Optimal nutrition from fruits and vegetables

This is one compilation’s findings for discerning most nutritious non animal foods. Of course, to optimize potential absorption of nutrients, fruits and vegetables are best consumed ripe, raw/lightly cooked.

Note where iceberg lettuce is on the list!





Watercress tops list of ‘powerhouse fruits and vegetables.’ Who knew?

June 5, 2014
Researchers at William Paterson University in New Jersey have produced a list of 41 “powerhouse fruits and vegetables” ranked by the amounts of 17 critical nutrients they contain. Here are the top five veggies and fruits. (Tom LeGro and Natalie Jennings / The Washington Post)


Anyone who’s paying attention knows it’s a very good idea to eat green, leafy vegetables and colorful citrus fruits. Over time, research has shown their association with reducing cancer and chronic disease. In fact, most of us know that we should be consuming multiple helpings of these foods each day. (Here is a handy calculator from the Centers for Disease Control and Prevention that helps you figure out how much you need.)

But which vegetables are best? Fads come and go as quickly as that kale in your fridge. One day it’s broccoli, the next cabbage. And how do you compare the benefits of vegetables versus fruits?

Researchers at William Paterson University in New Jersey have done all of us a big favor by producing a list of 41 “powerhouse fruits and vegetables” ranked by the amounts of 17 critical nutrients they contain. In a study published Thursday in the CDC journal “Preventing Chronic Disease,” the foods are scored by their content of fiber, potassium, protein, calcium, folate, vitamin B12, vitamin A, vitamin D and other nutrients, all considered important to public health.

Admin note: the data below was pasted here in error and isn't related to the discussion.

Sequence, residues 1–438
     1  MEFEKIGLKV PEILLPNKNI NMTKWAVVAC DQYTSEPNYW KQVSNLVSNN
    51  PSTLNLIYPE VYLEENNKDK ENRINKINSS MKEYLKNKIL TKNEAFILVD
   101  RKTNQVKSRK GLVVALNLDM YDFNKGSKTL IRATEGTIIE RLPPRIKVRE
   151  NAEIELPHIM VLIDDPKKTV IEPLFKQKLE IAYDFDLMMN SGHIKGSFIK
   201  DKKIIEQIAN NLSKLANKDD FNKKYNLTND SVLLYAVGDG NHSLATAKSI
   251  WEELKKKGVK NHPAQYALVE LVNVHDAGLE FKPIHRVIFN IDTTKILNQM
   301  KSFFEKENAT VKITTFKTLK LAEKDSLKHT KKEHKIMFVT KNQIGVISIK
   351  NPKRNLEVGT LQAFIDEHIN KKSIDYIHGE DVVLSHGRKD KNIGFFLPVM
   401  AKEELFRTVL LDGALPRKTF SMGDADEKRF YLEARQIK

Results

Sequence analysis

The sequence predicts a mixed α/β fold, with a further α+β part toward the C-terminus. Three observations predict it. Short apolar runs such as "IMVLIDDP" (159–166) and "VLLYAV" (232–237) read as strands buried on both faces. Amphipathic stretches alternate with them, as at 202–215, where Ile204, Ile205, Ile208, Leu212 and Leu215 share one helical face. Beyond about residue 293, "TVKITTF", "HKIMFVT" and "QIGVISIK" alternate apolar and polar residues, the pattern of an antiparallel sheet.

Atop the list? Watercress, long known as a superfood because it packs large amounts of a wide variety of these important substances, with a score of 100. The next five in the elite category: Chinese cabbage (91.99), chard (89.27), beet greens (87.08), spinach (86.43) and chicory (73.36). The full chart is below.

“Nutrient profiling is not new,” the lead researcher, Jennifer Di Noia, an associate professor of sociology, told me in an e-mail. “But applications to fruits and vegetables are limited. This is the first classification scheme of which I am aware to define and rank” powerhouse fruits and vegetables.

Fruits, however, didn’t turn out to be terribly powerful in Di Noia’s rankings. Highest on the list was the red pepper (41.26), followed by pumpkin (32.23), tomato (20.37) and lemon (18.72). In fact, of the six foods that the researchers considered and decided to leave off the list, four were fruits: raspberries, tangerines, cranberries and blueberries. (The other two were garlic and onions.)

The reason for the relatively poor performance of berries, for example, is that while they are rich in phytochemicals–non-essential nutrients that have protective or disease preventive properties–”there are no uniform data on food phytochemicals and…recommended intake amounts for these compounds are lacking,” Di Noia explained. “So the scores are based on nutrients only.”

To make the study’s “powerhouse” list, the researchers calculated each fruit or vegetable’s “nutrient density” score based on the percentage of your daily need for each nutrient the food provides. (The study assumed a 2,000 calorie per day diet and 100 grams of each food.) The scores were capped to ensure that a fruit or vegetable that provides a huge amount of just a single nutrient wouldn’t receive a disproportionately high overall score.

“Consistent with a whole-diet approach,” Di Noia said, “{consumption of} all of the items should be encouraged. The rankings may help consumers make nutrient-dense selections within the powerhouse group.”

Powerhouse fruits and vegetables


Read more:  Recipes for powerhouse vegetables.

Red sorrel and watercress soup

Chilled shrimp with (Chinese) cabbage and peanuts

Swiss chard and spring onion risotto

Beet greens strata

Chicken, spinach and lentil coconut curry

Chicory salad, chopped egg and crisp breadcrumbs

GALLERY: 11 commonsense foods to help you live longer, healthier

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